Chinese domestic airlines roll out discount packages to boost cash flow
07/06/2020|12:02:40 PM|

Domestic airlines in China rolled out ticket discount packages under the banner of “fly at will” one after another recently, in the hope of recouping money and boosting consumption affected by COVID-19 outbreak.

These packages priced at around RMB 3,000 (USD 424.59) allow passengers to book a domestic flight (except for Hong Kong, Macao and Taiwan) for free and without limitation of time slot and number of journeys in a given period of time.

China Eastern Airlines, the first air carrier that launched “fly at will” weekend package said, as of June 24, more than 100,000 tickets had been bought by package buyers, most of which were for the Duanwu Festival holidays from June 25 to 27 or for weekends in July. The package of China Eastern Airlines will be valid until the end of the year. According to, the weekend package saw explosive sales as soon as it was introduced on the app on June 18.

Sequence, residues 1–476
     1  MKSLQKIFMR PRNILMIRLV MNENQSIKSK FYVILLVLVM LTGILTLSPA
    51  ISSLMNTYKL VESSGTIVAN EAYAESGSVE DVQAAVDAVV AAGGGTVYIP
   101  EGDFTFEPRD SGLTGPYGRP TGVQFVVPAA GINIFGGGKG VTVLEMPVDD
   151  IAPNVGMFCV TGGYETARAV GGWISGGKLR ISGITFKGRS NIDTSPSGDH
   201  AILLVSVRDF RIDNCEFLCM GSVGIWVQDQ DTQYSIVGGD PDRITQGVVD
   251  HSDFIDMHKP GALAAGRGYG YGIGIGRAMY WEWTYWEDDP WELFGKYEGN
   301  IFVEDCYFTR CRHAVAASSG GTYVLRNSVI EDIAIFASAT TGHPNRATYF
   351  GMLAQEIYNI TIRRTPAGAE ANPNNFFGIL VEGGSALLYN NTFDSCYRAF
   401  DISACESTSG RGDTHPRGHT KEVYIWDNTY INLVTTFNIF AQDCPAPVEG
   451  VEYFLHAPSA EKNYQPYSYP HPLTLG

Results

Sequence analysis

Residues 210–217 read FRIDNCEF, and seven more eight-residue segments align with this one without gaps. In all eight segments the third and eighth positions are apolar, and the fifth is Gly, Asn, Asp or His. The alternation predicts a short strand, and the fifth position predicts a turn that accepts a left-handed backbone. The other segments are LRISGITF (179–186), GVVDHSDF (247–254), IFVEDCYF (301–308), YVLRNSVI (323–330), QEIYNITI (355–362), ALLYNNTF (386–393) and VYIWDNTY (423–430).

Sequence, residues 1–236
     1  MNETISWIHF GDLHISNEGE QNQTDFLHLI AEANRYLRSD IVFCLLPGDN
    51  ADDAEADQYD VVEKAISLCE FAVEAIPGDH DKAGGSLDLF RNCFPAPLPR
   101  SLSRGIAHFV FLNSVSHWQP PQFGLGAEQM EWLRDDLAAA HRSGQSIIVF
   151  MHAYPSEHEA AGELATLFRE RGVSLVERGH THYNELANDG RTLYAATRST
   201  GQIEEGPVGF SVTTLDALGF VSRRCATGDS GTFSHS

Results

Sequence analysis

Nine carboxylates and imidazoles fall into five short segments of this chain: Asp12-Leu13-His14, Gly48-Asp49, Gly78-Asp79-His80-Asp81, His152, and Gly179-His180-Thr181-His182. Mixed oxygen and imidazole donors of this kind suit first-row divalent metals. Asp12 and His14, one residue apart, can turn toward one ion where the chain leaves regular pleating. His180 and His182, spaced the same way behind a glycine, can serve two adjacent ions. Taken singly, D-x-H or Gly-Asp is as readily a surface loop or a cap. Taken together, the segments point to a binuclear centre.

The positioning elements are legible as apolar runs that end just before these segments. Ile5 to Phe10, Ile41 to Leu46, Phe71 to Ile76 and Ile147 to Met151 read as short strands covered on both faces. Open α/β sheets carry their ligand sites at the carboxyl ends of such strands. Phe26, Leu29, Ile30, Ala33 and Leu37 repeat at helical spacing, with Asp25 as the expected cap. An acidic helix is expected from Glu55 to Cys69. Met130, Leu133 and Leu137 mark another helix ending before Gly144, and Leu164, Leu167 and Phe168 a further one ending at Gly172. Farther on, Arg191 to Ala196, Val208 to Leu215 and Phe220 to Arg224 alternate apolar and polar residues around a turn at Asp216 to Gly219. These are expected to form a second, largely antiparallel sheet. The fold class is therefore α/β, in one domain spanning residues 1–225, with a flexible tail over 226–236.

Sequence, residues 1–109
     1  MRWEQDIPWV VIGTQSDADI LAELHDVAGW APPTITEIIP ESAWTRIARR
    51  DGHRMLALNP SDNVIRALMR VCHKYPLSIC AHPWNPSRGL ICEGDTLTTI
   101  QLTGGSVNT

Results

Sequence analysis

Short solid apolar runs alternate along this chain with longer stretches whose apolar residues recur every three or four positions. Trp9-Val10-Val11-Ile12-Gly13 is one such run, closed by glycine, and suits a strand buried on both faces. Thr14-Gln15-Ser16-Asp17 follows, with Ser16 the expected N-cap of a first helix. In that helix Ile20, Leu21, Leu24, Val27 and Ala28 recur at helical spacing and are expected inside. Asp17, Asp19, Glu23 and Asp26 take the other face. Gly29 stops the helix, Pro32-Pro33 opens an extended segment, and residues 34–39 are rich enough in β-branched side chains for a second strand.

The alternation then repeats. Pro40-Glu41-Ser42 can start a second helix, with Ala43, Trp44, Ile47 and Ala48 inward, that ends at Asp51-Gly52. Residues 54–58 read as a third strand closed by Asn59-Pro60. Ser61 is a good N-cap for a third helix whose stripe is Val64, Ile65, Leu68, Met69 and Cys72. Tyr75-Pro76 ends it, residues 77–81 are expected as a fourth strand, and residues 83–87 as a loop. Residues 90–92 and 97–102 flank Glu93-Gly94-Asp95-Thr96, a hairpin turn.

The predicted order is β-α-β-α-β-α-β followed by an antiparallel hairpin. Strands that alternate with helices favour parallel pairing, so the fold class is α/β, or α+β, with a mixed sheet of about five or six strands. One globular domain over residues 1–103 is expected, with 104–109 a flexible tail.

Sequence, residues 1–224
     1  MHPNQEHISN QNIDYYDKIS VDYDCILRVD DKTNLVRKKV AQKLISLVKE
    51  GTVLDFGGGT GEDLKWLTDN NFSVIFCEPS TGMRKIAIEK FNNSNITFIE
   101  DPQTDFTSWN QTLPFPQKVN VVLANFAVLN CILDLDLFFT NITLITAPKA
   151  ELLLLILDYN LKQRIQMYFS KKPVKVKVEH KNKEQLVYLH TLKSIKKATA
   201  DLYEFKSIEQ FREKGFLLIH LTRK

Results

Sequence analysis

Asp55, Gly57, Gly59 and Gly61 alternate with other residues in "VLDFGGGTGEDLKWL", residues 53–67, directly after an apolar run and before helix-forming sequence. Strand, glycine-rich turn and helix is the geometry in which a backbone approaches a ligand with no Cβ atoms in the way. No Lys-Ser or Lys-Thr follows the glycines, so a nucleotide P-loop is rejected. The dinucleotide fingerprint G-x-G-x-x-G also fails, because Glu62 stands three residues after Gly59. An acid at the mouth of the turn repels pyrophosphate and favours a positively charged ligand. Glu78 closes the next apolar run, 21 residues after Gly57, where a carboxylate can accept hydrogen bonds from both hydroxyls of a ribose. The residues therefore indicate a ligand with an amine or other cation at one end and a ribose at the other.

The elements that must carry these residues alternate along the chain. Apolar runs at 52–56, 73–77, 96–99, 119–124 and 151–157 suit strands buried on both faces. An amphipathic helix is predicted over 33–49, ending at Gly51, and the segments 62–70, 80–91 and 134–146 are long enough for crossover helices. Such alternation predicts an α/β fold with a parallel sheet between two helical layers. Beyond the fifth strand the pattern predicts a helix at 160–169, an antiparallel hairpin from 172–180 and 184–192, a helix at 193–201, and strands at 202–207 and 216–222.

China Express launched a similar “fly at will” ticket package on June 23, five days after the China Eastern Airlines’, according to its Weibo account. Although the validity period from June 28 to Oct 24 (except for Sept 28 to Oct 10) is shorter, the “fly at will” of China Express allows passengers to take weekdays’ flights. However, only medical workers and new clients of the carrier are qualified to purchase such tickets. China Express said on its Weibo account that it saw the package as a “testing waters” but it had gave the airlines a RMB 3 million cashflow.

Following the moves, Hainan Airlines announced its version of “fly at will” on July 1. The package will be valid from July 20 to Dec 31 (except for Sept 30 to Oct 8) and open to children of age below 12, eyeing to expand potential customers. Additionally, a package user will be given RMB 2,880 worth of shopping vouchers for duty-free shops of China Duty Free in Hainan.

According to the Civil Administration of Aviation, the country saw 935,200 passengers and 10,570 flights daily in early June, recovering to 57.4 percent and 66.11 percent over the same period of last year.

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